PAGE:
Occupy Updates: Protesters Barricaded, Reporters Turned Away Outside of "1%" Obama Fundraiser
Here are some of the latest updates on the evolving-but-still-going-strong Occupy movement:
--Last night in New York City, hundreds of OWS protesters marched in midtown to protest outside the venue for President Obama's $1,000-a-plate fundraiser. According to Gothamist, the protest was peaceful, but then "after the protesters arrived near the hotel, they were suddenly penned in by police, told they were in a 'frozen zone' and not permitted to leave until after the president departed."
--Meanwhile, a group of reporters covering the protests outside the Obama fundraiser say they were turned away by the NYPD -- despite having recently sent the department's deputy commissioner a letter reminding him that journalists are allowed to cross police lines.
--Over at The Awl, Susie Cagle recaps what happened at Occupy Black Friday last week. "Black Friday did not mark but coincided with a shift in the nature of Occupy, following a spate of police violence across the country. After regrouping, new strategies—creative, and less confrontational ones—seemed welcome," she writes, offering video and written accounts of actions across the country.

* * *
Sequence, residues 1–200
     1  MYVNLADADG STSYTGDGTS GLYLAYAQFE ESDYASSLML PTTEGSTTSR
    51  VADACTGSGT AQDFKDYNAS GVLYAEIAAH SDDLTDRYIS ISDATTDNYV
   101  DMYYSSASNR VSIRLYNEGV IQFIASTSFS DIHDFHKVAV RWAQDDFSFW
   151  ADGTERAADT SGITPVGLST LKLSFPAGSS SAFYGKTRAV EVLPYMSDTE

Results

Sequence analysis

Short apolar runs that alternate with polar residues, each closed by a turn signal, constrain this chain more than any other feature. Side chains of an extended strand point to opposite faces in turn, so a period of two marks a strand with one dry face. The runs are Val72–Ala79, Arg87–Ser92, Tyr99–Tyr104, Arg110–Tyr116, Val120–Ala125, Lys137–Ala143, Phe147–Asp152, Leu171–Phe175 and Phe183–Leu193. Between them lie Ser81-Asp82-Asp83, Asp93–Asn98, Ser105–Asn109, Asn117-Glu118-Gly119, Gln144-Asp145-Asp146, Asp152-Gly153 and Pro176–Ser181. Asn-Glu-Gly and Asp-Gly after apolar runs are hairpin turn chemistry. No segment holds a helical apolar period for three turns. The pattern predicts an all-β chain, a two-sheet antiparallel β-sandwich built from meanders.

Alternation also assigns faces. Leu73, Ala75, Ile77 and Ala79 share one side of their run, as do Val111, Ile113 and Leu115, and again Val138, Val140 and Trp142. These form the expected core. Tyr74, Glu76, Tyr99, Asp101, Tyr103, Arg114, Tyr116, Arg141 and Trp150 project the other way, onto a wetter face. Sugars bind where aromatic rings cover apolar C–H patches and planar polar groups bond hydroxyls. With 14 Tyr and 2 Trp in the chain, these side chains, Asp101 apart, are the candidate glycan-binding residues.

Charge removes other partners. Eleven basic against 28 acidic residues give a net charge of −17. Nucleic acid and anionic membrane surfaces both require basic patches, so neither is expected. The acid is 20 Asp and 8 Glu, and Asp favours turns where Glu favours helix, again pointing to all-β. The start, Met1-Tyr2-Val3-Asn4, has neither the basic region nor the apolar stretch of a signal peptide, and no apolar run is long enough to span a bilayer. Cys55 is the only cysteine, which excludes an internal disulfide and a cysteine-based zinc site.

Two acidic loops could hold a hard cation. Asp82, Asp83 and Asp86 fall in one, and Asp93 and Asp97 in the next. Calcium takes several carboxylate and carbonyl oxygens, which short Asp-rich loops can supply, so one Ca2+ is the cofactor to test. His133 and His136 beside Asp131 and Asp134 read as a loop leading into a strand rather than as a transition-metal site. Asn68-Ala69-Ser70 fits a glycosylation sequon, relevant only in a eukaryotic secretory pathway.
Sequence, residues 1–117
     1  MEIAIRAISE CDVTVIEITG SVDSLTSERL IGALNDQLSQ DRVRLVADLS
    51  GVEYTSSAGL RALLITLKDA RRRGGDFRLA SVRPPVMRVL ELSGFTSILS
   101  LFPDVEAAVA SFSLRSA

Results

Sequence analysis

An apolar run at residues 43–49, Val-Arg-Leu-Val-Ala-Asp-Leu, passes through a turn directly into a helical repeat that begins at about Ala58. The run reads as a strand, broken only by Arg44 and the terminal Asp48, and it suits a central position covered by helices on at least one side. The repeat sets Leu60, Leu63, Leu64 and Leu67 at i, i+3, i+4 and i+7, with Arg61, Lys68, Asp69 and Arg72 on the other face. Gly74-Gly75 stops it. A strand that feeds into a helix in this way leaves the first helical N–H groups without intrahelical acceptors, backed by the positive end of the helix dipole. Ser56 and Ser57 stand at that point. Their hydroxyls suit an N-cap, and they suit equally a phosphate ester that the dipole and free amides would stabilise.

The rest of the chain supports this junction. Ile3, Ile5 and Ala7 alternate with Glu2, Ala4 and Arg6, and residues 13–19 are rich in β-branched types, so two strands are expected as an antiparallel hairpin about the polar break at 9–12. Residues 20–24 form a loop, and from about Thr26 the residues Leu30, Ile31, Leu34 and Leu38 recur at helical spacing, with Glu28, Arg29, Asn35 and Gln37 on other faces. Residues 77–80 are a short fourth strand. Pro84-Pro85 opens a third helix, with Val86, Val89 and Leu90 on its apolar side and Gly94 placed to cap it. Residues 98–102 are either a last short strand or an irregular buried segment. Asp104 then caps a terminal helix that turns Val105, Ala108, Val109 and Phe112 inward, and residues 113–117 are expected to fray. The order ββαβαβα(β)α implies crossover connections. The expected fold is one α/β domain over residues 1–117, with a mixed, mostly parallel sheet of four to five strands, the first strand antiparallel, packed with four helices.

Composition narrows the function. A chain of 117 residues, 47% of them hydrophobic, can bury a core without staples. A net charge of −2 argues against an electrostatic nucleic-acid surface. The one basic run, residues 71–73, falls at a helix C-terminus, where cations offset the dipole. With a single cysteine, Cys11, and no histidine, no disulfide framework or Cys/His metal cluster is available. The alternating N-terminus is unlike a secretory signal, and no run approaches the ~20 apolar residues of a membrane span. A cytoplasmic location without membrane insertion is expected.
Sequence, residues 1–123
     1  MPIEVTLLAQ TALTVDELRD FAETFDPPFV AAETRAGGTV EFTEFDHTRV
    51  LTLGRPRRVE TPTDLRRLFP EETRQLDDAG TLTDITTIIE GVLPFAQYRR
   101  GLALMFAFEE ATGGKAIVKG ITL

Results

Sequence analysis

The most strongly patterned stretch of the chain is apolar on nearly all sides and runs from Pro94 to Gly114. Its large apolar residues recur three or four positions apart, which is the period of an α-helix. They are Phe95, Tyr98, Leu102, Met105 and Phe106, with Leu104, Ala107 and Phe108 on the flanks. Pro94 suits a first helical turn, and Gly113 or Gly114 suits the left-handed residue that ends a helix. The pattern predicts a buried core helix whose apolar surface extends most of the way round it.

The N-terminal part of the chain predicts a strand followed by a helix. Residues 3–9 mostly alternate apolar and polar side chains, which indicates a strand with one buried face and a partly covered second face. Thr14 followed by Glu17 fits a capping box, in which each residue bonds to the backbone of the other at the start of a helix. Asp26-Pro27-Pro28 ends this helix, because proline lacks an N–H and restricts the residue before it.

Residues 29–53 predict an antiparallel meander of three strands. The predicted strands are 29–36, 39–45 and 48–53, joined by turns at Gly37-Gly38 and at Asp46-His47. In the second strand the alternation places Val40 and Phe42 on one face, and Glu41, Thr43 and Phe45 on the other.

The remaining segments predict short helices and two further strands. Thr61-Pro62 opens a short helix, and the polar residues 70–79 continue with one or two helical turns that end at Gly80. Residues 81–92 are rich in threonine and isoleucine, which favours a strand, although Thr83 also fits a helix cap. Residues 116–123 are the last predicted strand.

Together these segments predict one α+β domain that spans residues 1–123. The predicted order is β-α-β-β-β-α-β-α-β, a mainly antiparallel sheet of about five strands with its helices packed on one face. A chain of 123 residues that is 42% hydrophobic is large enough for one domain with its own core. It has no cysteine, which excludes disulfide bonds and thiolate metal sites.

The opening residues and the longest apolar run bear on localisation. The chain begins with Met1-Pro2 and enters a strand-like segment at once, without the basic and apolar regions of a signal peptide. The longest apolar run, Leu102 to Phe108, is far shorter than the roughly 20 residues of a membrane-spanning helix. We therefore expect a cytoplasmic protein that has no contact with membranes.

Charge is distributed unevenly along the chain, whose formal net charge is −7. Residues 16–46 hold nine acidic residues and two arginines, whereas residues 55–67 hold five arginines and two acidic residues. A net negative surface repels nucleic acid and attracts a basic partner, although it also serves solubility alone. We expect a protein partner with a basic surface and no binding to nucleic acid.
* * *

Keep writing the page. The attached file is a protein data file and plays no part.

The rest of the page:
--Via TPM, here's a piece on the bizarre ways Republicans are spinning the Occupy movement (because they just keep getting asked about it!).
--Jesse Eisinger wrote a fascinating column about how he's meeting more and more Wall Street insiders who are sympathetic to the sentiments of the Occupy movement (i.e.,Wall Street is "already occupied -- from within"):
The insiders have a critique similar to that of the outsiders. The financial industry has strayed far from being an intermediary between companies that want to raise capital so they can sell people things they want. Instead, it is a machine to enrich itself, fleecing customers and exacerbating inequality. When it goes off the rails, it impoverishes the rest of us. When the crises come, as they inevitably do, banks hold the economy hostage, warning that they will shoot us in the head if we don’t bail them out.
--Finally, AlterNet's Sarah Seltzer spoke with Thom Hartmann last night about the future of the movement (her interview starts around the 3-minute mark, though the rest of the segment is interesting as well):